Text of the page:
Today I was given the task of weeding around the tomato patch. To be honest, I find weeding to be one of the most unpleasant outdoor tasks imaginable.
It’s simple enough, I suppose. Weeds have roots, and they go much deeper than you think. I don’t know how many times I fell on my rear today because a massive root system snapped after I threw all of my weight against it. I began by targeting the large weeds. I figured the little ones weren’t a problem, especially when the big ones were taking over the tomato vines. Yet as I worked I realized that I was being lazy. In focusing on the big ones only, I was leaving the real danger to take root within my garden.
Weeds grow quickly and quietly. Within a few days they can destroy a tender plant. In the bible weeds are used in more than one parable as the subtle roots that choke out the gardener’s plants. We have many different kinds of dirt in our garden. Some is hardened clay baked dry in the sunshine. The weeds in this area grow above my waist, and their roots are large and heavy. However, the area behind the tomato’s is soft sand. The fast growing weeds are easily removed. Yet in this soft and willing sand the weeds take root more quickly. Little ones are easily missed at first. It isn’t long before little weeds become monsters that rise up and destroy tomato vines.
I felt a growing desire to fix this one patch. I had been given a task, and I desired to obey it to the fullest. I wish I could say this is common for me. Often I obey my Dad with a grumbling heart. I complete the bare minimum and call it good. Today as I considered the weeds I realized the tomato patch was very much like my own soul. I don’t bother with the little problems, because they hide behind the big ones. My soul was once hard and weeds took root with strength. While it has softened towards the Lord it has also become blind to sin so long as it stays small. In my laziness I haven’t approached the problem. This is when those weeds grow and multiply.
God told me today that I had a lot of weeding to do, inward and out. So for the first time in my life, I took to weeding my Daddy’s garden with a passion. I was determined to pull every single weed from the one patch I was working on. I couldn’t possibly do the entire garden on my own, but I was only given one area. I walked behind the vines and yanked every weed out by the root. When the tall ones disappeared I had to get down on my knees.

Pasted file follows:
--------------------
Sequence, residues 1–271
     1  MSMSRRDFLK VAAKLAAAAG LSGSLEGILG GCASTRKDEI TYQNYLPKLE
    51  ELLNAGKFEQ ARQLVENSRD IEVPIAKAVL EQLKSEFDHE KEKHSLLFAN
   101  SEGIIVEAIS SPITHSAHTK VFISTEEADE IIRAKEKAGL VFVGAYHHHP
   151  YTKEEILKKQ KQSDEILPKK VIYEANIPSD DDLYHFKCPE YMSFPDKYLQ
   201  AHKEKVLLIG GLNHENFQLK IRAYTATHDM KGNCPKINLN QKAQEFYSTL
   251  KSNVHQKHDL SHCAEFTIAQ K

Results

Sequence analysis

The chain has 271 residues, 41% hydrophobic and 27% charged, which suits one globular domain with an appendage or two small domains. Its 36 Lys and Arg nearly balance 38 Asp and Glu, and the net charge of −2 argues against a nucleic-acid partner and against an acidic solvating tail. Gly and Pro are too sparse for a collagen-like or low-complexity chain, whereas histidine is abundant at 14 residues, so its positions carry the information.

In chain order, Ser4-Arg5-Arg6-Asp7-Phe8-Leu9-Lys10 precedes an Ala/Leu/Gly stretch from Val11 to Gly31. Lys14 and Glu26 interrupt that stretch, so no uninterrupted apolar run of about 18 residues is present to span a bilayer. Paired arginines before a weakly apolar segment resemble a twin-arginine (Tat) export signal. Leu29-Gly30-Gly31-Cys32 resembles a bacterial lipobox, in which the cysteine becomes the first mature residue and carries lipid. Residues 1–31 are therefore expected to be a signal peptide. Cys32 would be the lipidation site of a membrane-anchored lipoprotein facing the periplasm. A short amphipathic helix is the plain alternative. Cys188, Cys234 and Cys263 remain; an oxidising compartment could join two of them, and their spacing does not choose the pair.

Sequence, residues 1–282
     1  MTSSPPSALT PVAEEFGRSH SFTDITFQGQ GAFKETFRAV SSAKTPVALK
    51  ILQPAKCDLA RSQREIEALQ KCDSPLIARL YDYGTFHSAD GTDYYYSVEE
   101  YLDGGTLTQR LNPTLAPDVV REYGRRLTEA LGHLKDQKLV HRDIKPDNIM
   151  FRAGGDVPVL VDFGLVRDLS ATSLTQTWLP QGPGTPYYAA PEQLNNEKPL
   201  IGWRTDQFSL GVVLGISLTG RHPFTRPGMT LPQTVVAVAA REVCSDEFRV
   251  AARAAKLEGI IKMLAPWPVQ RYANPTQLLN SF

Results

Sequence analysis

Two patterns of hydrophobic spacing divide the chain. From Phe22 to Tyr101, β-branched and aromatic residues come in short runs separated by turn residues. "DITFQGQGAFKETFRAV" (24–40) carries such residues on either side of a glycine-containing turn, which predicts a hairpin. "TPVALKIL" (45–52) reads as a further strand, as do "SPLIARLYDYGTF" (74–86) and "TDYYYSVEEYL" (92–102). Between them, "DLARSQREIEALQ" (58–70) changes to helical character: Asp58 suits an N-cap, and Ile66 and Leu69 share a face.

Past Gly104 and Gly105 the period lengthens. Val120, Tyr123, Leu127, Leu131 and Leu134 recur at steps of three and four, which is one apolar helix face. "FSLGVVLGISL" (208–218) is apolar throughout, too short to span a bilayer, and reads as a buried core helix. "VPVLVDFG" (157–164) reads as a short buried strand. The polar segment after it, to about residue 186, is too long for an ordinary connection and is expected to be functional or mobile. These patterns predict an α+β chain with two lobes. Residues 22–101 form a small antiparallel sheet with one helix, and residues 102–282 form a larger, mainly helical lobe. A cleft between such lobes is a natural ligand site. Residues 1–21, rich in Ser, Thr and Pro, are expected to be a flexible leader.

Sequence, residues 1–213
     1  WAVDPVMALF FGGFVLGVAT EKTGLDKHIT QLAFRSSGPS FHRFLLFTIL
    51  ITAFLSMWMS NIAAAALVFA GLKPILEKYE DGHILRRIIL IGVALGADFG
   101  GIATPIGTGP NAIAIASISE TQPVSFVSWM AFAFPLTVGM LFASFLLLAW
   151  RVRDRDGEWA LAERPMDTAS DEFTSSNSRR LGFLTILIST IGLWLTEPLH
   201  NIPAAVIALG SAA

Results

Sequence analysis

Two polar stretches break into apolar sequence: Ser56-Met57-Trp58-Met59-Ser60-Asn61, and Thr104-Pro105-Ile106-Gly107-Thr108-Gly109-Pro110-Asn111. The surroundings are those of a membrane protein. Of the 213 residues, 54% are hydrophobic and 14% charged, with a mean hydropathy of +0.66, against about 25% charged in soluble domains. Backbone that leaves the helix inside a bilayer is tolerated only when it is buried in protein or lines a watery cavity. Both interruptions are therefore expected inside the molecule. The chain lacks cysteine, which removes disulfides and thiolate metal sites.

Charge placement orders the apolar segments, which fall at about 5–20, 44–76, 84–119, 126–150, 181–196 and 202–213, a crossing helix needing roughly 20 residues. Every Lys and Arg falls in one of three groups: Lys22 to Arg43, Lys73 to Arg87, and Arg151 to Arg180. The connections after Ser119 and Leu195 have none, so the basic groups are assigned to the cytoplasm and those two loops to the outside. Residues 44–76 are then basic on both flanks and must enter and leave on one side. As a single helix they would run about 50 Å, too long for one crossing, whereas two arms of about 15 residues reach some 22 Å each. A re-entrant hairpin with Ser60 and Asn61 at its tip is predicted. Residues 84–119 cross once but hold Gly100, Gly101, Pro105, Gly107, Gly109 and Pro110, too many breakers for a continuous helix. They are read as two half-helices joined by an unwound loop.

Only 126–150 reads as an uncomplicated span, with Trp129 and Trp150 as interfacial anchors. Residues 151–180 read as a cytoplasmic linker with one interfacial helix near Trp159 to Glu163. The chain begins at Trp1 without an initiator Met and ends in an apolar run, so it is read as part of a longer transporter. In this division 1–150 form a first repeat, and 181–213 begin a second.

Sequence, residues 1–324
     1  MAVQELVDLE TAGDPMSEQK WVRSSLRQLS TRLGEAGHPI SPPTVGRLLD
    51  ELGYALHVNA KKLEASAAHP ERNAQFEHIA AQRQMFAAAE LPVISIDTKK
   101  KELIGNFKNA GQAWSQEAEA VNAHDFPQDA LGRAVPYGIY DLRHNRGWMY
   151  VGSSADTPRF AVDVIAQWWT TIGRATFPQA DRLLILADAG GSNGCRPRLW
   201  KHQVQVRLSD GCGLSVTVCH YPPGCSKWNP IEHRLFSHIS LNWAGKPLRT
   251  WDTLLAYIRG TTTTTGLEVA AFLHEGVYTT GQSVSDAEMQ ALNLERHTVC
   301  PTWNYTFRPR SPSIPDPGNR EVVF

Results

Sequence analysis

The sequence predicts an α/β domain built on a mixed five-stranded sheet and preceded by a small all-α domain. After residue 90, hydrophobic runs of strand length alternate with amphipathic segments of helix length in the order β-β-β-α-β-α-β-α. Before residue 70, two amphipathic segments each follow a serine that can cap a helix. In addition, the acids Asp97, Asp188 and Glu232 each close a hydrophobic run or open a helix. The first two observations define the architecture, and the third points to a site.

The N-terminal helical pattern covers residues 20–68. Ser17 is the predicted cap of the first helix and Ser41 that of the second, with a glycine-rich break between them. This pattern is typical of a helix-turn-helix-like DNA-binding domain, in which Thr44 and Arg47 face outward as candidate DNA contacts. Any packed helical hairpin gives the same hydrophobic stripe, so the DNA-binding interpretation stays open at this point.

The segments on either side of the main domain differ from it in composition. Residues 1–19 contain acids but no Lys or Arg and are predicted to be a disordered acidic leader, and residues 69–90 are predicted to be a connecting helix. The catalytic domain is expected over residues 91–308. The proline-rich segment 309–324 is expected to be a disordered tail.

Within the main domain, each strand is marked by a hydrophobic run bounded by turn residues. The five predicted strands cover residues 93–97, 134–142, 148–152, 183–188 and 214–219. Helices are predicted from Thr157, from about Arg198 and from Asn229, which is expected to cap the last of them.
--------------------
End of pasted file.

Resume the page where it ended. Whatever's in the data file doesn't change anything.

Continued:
Little did I know how many tiny leaves had formed beneath the sand. We overlook these little leaves as being harmless. White lies, selfish desires, unhealthy daydreams, little idols that suck our time away from God…..slowly they creep beneath our soul’s outer sand. Before they are apparent their roots have begun to poison us. I learned that when you rely on God, He provides the attitude and patience to complete the work He has given you. A task given to you by Him, whether it be great or small, can be done wholeheartedly or lazily.
My hands were starting to hurt from a previous activity I had done earlier in the day, and strangely enough those tiny weeds took much longer than the big ones. Just when I thought my attitude was where it should be, I heard a car in the drive. Part of me wanted to jump up and run to the house. I knew that my friends had arrived. Yet something stopped me. My Dad wouldn’t have minded in the least, but I wanted to finish what he had told me to do.
I wanted to honor my Father’s orders.
The second lesson I learned was that God honors our obedience to Him. And He uses our brothers and sisters in Christ to support us in our walk. I heard the door slam and my friend’s voice in the yard. I listened as he approached my brother, who was also outside working. He asked my brother if he needed help. My brother had no idea how encouraging he was to me. He had been sweetly working this entire time with a cheerful attitude, despite the sudden addition to his regular chores. To my surprise, he politely declined help and continued working. Not a single complaint ever crossed his lips. His quiet strength was a gentle rebuke to my original bad attitude.
Even though it was unnecessary, my friend came and helped me finish weeding. It was a small kindness that came as easily as breathing to him-as he is always helping anyone who needs it- yet he served as a reminder to me as well. God knows our limits and our hearts. Some of the things we are told to do have to be done alone. At other times we are to help one another. Part of belonging to the church is working together.
I like to do things alone, in my own strength. Over many years I have begun the process of giving up that strength to my Abba father in heaven. It’s a constant struggle. God never wanted us to work alone. He is a community, and He designed us to be one as well. We can’t uproot the weeds in our lives by ourselves. We are to rely on one another as accountability partners, to catch what we cannot see. Yet without God’s guidance and working hand even that would be impossible.
Over summer camp this last week, we talked about God’s involvement in our lives. Like a child, we are convinced that we are doing all the work. In reality, God is there throughout all of it. He is the one guiding us, shaping us, protecting us, and He is the One who redeemed us. Without Jesus, I am nothing. A task as simple as weeding a tomato patch can become mission impossible if it is attempted without Him. He works through the simplest things in life, so long as the soul is softened and the heart is ready to listen. And let me tell you, the process of softening the ground before the weeds can be pulled up hurts like fire from hades. Yet His tender love continues to pour into the heart. It is a never ending journey.
God’s love is expressed through all of creation. The last place I would have looked was in my Daddy’s garden. Praise God, His light overcomes the blind.